Economics

5 questions for … Erik Brynjolfsson, co-author of Race Against the Machine

Is America suffering from technological stagnation? Is a lack of innovation undermining economic growth and our standard of living? It’s a popular thesis right now, one outlined brilliantly by economist Tyler Cowen in his recent Kindle ebook, The Great Stagnation.

But MIT’s Erik Brynjolfsson and Andrew McAfee see things quite differently. In their new Kindle ebook, Race Against the Machine: How the Digital Revolution is Accelerating Innovation, Driving Productivity, and Irreversibly Transforming Employment and the Economy, they highlight research that shows there’s been technological acceleration rather than stagnation — computers can now drive cars in traffic, translate effectively between human languages, and beat the best human Jeopardy! players.

But human skills have not kept up. And that’s the problem:

Workers whose skills have been mastered by computers have less to offer the job market, and see their wages and prospects shrink. Entrepreneurial business models, new organizational structures and different institutions are needed to ensure that the average worker is not left behind by cutting-edge machines.

So what should we biological entities do? Well, that is what I asked Brynjolfsson via email:

1. Clearly there is a major jobs issue at play here. But how confident are you that median incomes are stagnating and income inequality is exploding? I know the Piketty-Saez data, but in a 2009 paper, for instance, Northwestern professor Robert Gordon called the supposed sharp rise in U.S. income inequality “exaggerated both in magnitude and timing.”

Perhaps this is a matter of degree. Median wages are clearly growing more slowly than incomes at the very top. Depending on how you adjust for unmeasured quality etc, you may or may not call that “stagnating”. The American middle class is still relatively wealthy relative to much of the rest of the world. Bob Gordon’s work is excellent. There are debates about the timing and magnitude of the growing inequality, but I don’t think You can argue there hasn’t been any at all.

2. The book suggests the pace of technological change is accelerating, yes? If machines can learn and evolve faster than men, how will we ever catch up and “race with the machines?” Is better education, for instance, a solution or just a mitigating force?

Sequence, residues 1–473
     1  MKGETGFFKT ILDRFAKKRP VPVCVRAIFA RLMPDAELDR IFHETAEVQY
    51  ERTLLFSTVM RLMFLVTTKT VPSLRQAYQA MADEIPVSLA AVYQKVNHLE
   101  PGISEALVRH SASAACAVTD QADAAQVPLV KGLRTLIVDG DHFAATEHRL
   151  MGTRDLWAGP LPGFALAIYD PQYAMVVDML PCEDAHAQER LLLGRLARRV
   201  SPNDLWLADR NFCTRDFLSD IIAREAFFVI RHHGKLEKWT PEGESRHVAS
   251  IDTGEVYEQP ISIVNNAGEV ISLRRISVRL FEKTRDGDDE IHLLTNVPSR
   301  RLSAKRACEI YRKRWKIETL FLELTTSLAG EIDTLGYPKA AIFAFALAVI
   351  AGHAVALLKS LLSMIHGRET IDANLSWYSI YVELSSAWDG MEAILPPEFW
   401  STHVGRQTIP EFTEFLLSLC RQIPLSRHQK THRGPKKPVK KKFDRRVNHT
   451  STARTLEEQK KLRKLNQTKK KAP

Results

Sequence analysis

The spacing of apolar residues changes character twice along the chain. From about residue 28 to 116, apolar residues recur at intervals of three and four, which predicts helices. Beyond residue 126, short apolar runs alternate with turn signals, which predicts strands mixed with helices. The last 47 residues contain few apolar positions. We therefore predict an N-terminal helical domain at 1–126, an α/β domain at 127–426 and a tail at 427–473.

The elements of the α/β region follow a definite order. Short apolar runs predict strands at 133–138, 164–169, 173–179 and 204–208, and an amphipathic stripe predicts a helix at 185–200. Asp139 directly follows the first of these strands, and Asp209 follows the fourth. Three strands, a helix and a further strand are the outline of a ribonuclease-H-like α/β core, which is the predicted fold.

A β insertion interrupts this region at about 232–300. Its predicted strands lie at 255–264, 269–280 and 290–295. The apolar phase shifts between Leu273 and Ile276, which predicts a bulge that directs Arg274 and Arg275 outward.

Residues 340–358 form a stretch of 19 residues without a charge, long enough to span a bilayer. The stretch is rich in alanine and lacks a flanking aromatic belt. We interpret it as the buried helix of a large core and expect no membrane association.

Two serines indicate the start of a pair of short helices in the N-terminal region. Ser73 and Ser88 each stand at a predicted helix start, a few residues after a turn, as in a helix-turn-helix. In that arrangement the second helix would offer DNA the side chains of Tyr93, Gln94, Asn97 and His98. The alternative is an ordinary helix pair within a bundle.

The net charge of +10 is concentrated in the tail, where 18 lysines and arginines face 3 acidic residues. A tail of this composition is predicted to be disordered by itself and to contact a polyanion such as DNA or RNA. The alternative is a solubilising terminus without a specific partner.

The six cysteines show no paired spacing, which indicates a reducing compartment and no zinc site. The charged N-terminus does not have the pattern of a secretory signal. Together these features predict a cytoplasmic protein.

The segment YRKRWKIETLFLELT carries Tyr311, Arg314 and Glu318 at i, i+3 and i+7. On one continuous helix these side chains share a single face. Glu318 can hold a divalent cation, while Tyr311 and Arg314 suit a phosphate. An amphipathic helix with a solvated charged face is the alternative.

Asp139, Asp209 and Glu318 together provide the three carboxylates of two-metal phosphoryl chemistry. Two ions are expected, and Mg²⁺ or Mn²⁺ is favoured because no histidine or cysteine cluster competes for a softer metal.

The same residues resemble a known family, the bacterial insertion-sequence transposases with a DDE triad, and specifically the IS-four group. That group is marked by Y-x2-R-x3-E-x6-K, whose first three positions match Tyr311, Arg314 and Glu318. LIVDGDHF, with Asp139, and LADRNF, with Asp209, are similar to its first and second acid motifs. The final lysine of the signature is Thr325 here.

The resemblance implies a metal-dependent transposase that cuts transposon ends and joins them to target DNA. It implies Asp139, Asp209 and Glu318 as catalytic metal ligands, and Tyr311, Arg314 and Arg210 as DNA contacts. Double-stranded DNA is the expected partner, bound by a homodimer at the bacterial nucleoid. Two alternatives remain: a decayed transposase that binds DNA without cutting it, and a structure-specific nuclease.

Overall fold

Education is a mitigating force for sure, and to the extent it helps people adapt faster, perhaps more than just mitigating. We don’t need to win a race against machines. As the book argues in ch 4, the right approach is to race using machines. That means entrepreneurs need to keep inventing new ways combine technology and people to create new industries and innovations. There’s never been a better time to be a a talented entrepreneur and they will be needed even more in coming years as the economy undergoes faster creative destruction.

3. What is Tyler Cowen getting wrong about the pace of innovation and technological advancement? He makes it sound as if the last 30 years have only given us new ways to distract ourselves (like Facebook) and little else.

 The digital revolution will be as big as the first and second industrial Revolution, if not bigger. We’re only in the early stages, but already productivity growing more rapidly. The late decade was the better for productivity than the1990s which was better than the 1980s. And using Facebook for entertainment is not inherently less worthy than watching movies or tv. Let people be their own judge of what gives them utility.

4. Your focus is mostly on IT, a bit on robotics. Those two areas are often mentioned along with nanotech and genetic engineering as the Four Big Technologies of the future. Any thoughts on how those other two technologies might intersect with your thesis?

They are all closely related and draw on massive improvements in information processing power. There are big waves of innovation in the pipeline. The bottleneck is our ability to adapt.

5. What will America look like in a generation if policymakers ignore your 19-pt agenda for adapting to the pace of technological change?

Change of this magnitude creates huge opportunities to shape the kind of society we live in. We can have an inclusive society where everyone has a chance to contribute or one that is increasingly polarized. I didn’t think it is a winning strategy for the elites to try to secede from the rest of America. We need to foster openness, flexibility, and opportunities for as many people as possible.

 

2 thoughts on “5 questions for … Erik Brynjolfsson, co-author of Race Against the Machine

  1. The elites have already seceded (as Charles Murray demonstrates in Coming Apart). But they are now divided as to whether the rest of America should be administered palliative medicine (via increasing levels of government support) or an agonizing intervention. History would suggest the former is more likely.

  2. We the people are in trouble. The wealty will not give up any power, and the government will do as the 1% command. The greed of the 1% is why they are only 1%. I have yet to hear from anyone a plan [that will work] to force the 1% to cooperate for the good of society. As time ticks on the problem grows. The greedy 1% will not yield. . . remember my words!

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